MDGx is correct. There are no newer versions than the one from 2002. It was included in many later packages, the latest being NSW 2005, if I'm not mistaken. In any case, the four DOS utilities (DISKEDIT, NDD, UNERASE and UNFORMAT) accept the /version switch. And although they refuse to do any other work under windows, you can run them with the /version switch from a DOS box and they will tell you their version, even under windows. The latest ndd.exe, run in a DOS box, gives this output:
C:\>ndd /version

NDD, Norton Utilities 2002 ..10E, Copyright © 2001 Symantec Corporation

Edited by dencorso

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C:\>ndd /version

NDD, Norton Utilities 2002 ..10E, Copyright © 2001 Symantec Corporation

Thank you! :thumbup

Edited by Philco

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I have NDD32.exe from SystemWorks 2006 (it reports as version 19.0.0.48) and it still chokes and blue-screens on a 500 GB partition. It's a real shame; it's a jillion times faster at scanning my smaller drive (and my old drive that the 500 GB one replaced) than Scandisk.

Queue

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I have NDD32.exe from SystemWorks 2006 (it reports as version 19.0.0.48) and it still chokes and blue-screens on a 500 GB partition. It's a real shame; it's a jillion times faster at scanning my smaller drive (and my old drive that the 500 GB one replaced) than Scandisk.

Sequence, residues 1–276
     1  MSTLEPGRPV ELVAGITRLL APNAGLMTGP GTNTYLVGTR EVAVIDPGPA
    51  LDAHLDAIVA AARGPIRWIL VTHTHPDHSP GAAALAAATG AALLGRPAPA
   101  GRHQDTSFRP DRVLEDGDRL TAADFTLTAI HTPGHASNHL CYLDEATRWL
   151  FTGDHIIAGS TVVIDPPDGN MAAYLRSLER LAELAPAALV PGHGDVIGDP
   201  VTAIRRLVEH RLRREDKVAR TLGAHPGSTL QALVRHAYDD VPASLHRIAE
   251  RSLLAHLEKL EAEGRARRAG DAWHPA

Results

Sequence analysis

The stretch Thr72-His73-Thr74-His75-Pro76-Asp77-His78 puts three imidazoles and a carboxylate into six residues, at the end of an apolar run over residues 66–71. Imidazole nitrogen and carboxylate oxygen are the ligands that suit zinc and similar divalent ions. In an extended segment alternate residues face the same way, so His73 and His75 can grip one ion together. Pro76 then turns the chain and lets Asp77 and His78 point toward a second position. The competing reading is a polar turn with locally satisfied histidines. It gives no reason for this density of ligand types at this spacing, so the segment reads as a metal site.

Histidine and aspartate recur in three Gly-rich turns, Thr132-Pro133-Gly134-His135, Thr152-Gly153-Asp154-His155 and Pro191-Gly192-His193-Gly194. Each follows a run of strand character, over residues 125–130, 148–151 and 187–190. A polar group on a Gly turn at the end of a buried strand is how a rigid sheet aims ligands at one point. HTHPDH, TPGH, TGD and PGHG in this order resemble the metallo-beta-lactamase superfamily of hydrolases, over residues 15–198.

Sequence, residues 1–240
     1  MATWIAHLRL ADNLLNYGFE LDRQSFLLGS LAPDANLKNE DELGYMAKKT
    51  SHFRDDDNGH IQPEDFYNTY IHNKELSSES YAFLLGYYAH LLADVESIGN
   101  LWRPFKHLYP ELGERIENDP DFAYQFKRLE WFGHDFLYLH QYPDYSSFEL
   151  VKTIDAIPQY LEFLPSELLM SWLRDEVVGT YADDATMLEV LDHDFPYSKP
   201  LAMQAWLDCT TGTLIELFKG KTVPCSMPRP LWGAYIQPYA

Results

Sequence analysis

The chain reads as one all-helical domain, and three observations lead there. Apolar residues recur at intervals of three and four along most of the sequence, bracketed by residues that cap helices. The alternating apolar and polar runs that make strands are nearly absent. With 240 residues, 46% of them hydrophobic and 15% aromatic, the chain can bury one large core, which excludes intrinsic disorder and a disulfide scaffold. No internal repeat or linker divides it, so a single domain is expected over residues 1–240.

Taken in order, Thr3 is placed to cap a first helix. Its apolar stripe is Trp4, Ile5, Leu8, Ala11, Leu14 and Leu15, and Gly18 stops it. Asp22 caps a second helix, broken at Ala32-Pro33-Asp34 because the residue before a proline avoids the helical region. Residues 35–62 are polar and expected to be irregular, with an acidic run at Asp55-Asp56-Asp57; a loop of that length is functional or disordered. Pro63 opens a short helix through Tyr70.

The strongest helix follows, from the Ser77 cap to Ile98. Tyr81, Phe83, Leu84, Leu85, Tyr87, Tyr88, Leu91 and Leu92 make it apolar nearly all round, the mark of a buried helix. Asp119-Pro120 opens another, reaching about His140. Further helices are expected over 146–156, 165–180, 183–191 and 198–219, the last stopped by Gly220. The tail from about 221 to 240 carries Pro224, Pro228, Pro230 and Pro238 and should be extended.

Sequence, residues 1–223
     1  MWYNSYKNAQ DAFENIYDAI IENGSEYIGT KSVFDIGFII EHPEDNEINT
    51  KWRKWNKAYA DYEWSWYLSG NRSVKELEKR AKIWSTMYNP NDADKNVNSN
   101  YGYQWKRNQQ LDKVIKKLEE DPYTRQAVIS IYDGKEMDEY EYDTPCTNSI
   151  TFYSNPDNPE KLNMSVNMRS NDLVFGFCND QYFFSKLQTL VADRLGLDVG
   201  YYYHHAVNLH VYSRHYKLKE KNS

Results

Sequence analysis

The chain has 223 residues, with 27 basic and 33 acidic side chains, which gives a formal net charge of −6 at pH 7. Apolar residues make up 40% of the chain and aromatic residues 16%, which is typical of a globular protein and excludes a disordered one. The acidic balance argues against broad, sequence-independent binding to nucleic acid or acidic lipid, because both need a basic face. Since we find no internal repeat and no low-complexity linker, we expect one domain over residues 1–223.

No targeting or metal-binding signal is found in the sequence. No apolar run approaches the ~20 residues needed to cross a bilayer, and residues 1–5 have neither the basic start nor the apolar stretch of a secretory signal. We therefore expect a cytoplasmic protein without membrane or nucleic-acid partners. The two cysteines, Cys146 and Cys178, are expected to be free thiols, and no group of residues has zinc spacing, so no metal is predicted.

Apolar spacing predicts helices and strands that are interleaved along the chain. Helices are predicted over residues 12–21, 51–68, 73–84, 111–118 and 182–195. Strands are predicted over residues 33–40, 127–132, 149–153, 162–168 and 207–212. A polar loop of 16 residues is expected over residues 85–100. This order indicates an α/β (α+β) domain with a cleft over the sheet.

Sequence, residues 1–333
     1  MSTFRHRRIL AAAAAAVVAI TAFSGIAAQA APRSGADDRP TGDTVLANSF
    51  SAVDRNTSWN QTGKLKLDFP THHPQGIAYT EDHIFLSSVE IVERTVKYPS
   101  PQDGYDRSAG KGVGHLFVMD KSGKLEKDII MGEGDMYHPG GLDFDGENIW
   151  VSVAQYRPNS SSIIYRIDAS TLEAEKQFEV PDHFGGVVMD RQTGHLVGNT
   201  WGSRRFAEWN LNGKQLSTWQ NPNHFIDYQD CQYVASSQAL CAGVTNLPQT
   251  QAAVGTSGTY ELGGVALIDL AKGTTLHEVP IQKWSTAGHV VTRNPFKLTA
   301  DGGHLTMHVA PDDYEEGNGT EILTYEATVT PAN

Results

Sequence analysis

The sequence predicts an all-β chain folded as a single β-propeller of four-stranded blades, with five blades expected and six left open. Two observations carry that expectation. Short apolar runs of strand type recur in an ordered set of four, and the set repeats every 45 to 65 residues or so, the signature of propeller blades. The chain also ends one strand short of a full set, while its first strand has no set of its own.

Queue

Hi Queue, what version of Windows and service pack are you using?

Well, it looks like Symantec may not have addressed this problem...

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98SE, all official patches. Only unofficial stuff I have is large hard drive support (BHDD31), UberSkin (for taskbar locking), IE6 SP1 (all of which I got within the past 24 hours). I have a very slighty modified (only a few bytes hex edited) explorer.exe to handle better system tray icon colors, but I got that back in 2000 or 2001, long before I knew of this site.

My primary drive is IDE 127 GB, secondary is SATA (via a PCI card) 500 GB, which is why I grabbed the large hard drive support package, so I could scandisk the 500 GB drive (since NDD32 kept choking on it).

This place is amazing by the way. I love my old 9x machine; I'm shocked so many others still love 9x as well. As for my join date for these forums... I must've registered to download a link months ago...

Queue